In two other announcements concerning Can-Am:—the SCCA and the Canadian Automobile Sports Clubs revealed that the guaranteed minimum prize money for the series will be increased from $740,000 last year to $875,000 this year. This includes the championship point fund of $200,000 which is split among the top to drivers at the end of the series but does not include at least $200,000 in accessory money expected to be posted by manufacturers. Finally, after defying the ban on wings hastily imposed by the FIA last year, the SCCA and the CASC have announced that they are, “with great reluctance”, complying with the FIA requirements this year. “The FIA clearly expects compliance by Can-Am cars in a North American championship,” the two sanctioning bodies said, “and we feel the international nature of the Can-Am makes it necessary to conform to the FIA rules.” However, they added, “We’ve experienced no safety hazard with the wings on Can-Am cars,” and at the present writing the SCCA has no intention of applying the ban to the Formula A cars competing in its Continental Championship. The ban on wings in the Can-Am was only accepted after strong pressure at the FIA meetings in Paris and the unstated but clear threat that if the North American defiance continued the Can-Am might have difficulty in obtaining international listing in the future. As one official (who shall remain nameless) put it, “I went to Paris realising the FIA would probably be about 90 per cent. politics and 10 per cent. judging an issue on its merits. I was wrong. It’s 100% politics.”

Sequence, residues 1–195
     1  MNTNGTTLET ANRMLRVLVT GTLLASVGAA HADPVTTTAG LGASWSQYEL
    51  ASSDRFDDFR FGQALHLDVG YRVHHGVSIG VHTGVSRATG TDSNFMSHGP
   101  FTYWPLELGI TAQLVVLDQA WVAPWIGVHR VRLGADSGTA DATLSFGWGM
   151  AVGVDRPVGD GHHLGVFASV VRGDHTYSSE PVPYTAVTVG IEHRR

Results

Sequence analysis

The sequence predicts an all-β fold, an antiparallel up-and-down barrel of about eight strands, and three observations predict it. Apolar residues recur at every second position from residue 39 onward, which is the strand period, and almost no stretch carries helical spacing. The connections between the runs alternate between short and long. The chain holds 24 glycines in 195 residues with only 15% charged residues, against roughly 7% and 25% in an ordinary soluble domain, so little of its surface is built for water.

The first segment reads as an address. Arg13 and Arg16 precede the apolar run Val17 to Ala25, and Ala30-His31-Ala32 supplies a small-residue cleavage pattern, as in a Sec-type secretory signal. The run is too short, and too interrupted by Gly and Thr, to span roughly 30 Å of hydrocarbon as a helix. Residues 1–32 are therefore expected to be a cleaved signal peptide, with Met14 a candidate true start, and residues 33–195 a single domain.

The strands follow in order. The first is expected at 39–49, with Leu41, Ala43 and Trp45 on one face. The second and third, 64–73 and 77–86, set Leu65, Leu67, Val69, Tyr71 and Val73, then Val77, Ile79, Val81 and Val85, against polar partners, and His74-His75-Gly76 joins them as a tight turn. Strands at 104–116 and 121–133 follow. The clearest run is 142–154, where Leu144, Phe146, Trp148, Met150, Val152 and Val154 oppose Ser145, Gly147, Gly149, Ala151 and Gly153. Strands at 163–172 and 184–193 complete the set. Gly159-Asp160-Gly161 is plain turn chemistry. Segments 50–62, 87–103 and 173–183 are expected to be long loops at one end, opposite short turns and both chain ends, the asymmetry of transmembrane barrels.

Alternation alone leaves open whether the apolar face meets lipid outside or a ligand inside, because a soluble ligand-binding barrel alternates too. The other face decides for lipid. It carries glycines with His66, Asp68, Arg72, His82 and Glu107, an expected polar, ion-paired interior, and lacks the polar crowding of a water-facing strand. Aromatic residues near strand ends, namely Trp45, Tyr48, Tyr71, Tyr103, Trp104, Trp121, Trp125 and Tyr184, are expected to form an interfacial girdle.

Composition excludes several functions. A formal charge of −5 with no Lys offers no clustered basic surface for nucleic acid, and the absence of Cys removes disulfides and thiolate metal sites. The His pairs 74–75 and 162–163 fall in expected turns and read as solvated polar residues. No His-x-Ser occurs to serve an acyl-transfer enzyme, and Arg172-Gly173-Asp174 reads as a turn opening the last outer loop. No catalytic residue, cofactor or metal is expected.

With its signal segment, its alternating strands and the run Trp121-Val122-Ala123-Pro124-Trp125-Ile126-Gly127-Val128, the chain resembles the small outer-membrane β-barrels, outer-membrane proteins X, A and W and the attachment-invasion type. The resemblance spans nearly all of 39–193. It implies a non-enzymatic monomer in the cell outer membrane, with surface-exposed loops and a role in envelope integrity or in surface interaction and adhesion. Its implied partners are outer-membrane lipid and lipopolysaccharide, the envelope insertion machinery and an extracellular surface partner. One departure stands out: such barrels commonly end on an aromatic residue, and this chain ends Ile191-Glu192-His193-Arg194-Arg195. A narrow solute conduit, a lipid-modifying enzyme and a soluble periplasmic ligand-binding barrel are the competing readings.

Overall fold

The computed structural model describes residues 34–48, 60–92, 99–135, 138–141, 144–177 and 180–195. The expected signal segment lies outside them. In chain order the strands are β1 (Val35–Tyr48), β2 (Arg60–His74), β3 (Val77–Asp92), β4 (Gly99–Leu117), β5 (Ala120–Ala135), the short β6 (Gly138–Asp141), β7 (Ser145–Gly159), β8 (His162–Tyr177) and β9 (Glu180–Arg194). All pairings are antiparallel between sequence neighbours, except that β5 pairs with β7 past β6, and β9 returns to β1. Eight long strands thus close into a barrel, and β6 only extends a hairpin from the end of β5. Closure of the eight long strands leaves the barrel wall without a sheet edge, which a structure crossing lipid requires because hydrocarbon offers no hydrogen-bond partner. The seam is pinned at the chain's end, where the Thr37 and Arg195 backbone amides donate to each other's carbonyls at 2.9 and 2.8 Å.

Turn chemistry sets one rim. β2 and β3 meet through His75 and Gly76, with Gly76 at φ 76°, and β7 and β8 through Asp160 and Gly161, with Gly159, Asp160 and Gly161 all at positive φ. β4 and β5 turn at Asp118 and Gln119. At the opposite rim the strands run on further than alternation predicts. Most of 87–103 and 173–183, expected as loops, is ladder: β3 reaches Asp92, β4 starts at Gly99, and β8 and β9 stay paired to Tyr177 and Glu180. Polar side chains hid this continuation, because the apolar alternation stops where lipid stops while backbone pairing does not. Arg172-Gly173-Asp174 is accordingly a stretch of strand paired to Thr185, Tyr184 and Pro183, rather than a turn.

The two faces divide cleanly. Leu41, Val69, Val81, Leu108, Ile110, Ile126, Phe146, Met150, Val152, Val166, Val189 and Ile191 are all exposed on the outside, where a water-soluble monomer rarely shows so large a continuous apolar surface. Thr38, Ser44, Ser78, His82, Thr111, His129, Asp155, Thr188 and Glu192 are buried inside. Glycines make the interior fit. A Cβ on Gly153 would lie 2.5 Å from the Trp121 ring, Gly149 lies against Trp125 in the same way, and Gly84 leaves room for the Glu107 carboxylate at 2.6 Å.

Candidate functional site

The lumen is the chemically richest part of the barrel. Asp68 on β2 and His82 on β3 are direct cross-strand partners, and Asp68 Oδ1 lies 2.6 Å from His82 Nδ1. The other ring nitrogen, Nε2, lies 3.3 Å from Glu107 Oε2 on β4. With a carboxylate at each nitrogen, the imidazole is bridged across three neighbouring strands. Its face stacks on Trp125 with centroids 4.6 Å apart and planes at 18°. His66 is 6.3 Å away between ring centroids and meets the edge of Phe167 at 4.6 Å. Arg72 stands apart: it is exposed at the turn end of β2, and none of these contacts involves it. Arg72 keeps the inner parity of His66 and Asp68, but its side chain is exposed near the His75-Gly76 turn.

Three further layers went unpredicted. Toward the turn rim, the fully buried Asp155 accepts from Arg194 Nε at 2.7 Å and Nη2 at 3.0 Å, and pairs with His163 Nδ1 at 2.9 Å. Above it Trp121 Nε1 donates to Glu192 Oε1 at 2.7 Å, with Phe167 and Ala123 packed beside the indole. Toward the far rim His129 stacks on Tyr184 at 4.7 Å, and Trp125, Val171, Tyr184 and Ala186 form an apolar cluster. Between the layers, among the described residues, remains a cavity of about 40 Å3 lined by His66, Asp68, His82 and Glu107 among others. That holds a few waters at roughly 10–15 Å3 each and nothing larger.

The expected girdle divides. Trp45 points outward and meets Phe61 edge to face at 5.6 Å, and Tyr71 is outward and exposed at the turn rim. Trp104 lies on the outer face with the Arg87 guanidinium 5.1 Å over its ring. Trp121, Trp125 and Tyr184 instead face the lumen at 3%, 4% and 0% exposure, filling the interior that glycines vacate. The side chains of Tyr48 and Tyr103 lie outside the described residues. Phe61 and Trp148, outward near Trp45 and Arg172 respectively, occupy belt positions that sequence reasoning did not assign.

That innovative Texan, Jim Hall, will make a welcome return to racing in a Chevrolet Camaro at the Sebring 12-Hour race this month. It will be his first competitive appearance since his horrendous crash in the final 1968 Can-Am race at Las Vegas. Hall thus confirms that he is taking over from Roger Penske as the unofficial campaigner of the works Carnaros in the Trans-Am series. Sebring is not part of the series but Hall will enter two cars to give them a thorough shakedown. He will co-drive one with Ed. Leslie, whom he has chosen to drive the second car in the Trans-Am. At Sebring the second car will be driven by Hap Sharp, Hall’s former partner, and a yet-to-be-named co-driver. D.G.